Over the years I have noticed the increasing prominence of RED, BLACK & GOLD colours being flown proudly on the streets, cars and by people of all walks of life around this time of the year.

On September 16 to be exact, as it is the date the Australian flag was lowered and the new PNG flag hoisted on Independence Hill, Waigani in 1975.

Port Moresby’s Hiri Moale is a major drawcard here in the National Capital. Some shopping centres encourage their staff to go to work in their traditional dress and it was lovely to see Boroko Foodworld was no exception. In provincial towns, other festivities and activities marked the occasion.

Didi & her cousin Nyarro
I was fortunate enough to attend the Korobosea International school’s celebrations on September 15 where students performed traditional dances from the 19 provinces. My 10-year-old niece Diandra (Didi) invited me to see the show as she was a dancer in the Oro students group.

With a front seat view, I watched with awe and admiration the colour and exuberance of the performances beginning with the Asaro Mud boys, the newly created province of Jiwaka through to Milne Bay, New Guinea Islands groups, Momase, Oro, ending with the bamboo band of Autonomous Bougainville region and the thrilling “garamut” beats of Manus. The PNG children danced side by side with their European, Asian and African counterparts reinforcing their theme – Our Style, Our Way.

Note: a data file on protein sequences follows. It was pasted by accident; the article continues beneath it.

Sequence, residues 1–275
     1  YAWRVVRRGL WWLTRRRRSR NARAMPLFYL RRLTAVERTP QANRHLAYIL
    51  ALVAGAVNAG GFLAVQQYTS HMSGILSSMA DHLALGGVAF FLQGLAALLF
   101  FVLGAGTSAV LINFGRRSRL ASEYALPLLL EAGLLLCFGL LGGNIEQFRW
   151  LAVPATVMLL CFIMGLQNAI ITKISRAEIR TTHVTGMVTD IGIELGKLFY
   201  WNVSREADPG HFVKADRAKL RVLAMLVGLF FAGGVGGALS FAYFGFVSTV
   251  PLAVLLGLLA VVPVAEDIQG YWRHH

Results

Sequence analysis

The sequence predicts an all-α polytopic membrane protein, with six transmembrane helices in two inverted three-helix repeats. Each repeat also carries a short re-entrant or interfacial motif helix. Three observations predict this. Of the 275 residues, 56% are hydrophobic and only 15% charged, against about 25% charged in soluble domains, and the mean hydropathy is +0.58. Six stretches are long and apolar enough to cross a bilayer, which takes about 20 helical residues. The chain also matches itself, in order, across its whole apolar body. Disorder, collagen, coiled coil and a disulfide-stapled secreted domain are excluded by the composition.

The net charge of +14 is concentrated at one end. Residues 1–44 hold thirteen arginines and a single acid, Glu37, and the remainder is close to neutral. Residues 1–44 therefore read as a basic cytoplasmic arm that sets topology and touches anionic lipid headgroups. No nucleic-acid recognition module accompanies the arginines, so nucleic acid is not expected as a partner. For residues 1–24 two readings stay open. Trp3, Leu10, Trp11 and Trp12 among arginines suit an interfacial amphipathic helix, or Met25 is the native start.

Despite the heat & dust, not uncommon for this time of the year, the enthusiasm of students and children as young as seven years old, could not go unnoticed. Their families and wantoks had strived for 5 weeks to collate and prepare traditional costumes to make the performances authentic. Teaching, showing skills and passing on knowledge in this way is part of the student’s learning curve and many parents and teachers get into the swing of things ensuring their child (ren) are appropriately dressed for the occasion.

The challenge for families usually is finding the right leaves or plants in Port Moresby & having the proper finery (shell necklaces, pigs teeth, dog’s teeth necklaces, Bird of Paradise feathers) to complete the attire for a child to look outstanding.

                                    Didi (right) with Aunty Ethel

I guess, at the end of the show, what matters most is whether the child enjoyed himself or herself.

But what are we really celebrating or marking on this 34th Independence Anniversary? A friend asked me this question when we went out to lunch yesterday.

My answer:

Hope. Hope for a brighter future. That is what I saw when I witnessed the Korobosea International children perform with gusto. As I watched my niece Didi sway and swing her tapa cloak to the rhythmic drumbeat, I knew her confidence would surely see her generation forge their way forward to their own drumbeat - their Own Way.


mes said...

Nice article...cultural festivals at schools are great!


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